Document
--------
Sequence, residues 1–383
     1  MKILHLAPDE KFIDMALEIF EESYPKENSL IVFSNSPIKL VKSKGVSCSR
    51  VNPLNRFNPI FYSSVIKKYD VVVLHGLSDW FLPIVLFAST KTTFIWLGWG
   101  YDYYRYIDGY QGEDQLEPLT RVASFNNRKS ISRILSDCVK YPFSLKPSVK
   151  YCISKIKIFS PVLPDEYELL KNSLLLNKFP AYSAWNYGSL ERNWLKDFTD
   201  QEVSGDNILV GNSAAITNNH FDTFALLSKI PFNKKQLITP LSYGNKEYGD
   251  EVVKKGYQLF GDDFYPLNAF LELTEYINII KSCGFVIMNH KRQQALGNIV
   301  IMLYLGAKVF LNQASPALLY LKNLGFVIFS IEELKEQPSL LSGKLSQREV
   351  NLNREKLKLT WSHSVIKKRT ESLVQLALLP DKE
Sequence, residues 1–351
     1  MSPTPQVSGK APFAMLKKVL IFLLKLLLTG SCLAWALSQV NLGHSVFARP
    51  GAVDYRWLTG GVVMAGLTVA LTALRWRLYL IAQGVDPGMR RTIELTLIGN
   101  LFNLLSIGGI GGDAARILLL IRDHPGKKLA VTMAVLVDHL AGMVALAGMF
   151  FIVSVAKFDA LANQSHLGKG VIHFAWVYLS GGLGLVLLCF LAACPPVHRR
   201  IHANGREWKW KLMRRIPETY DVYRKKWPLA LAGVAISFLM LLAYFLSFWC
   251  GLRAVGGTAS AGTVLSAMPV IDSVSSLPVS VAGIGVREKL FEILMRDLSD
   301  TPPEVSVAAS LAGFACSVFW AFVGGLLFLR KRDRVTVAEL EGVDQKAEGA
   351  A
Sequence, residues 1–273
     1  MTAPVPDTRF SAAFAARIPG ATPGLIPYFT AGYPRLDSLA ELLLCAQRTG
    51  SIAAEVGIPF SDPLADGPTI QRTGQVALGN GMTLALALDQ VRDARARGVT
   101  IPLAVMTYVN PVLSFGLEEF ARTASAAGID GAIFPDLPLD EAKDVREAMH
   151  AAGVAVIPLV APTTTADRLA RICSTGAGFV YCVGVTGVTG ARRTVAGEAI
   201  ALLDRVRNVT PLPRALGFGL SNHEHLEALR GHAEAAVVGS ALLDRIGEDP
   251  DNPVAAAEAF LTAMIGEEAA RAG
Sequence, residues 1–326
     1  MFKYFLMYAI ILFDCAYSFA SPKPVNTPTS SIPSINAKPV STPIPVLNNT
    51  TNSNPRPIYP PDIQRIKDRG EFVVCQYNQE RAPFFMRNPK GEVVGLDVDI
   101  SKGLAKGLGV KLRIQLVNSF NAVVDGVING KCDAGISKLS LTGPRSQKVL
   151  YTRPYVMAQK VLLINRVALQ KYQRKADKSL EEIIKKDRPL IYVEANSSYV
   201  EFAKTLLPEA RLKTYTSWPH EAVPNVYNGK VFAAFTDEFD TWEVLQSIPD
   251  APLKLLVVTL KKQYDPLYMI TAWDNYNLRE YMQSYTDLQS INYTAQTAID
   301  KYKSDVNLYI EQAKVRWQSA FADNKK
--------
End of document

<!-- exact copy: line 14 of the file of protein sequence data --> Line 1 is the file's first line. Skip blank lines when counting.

   151  FIVSVAKFDA LANQSHLGKG VIHFAWVYLS GGLGLVLLCF LAACPPVHRR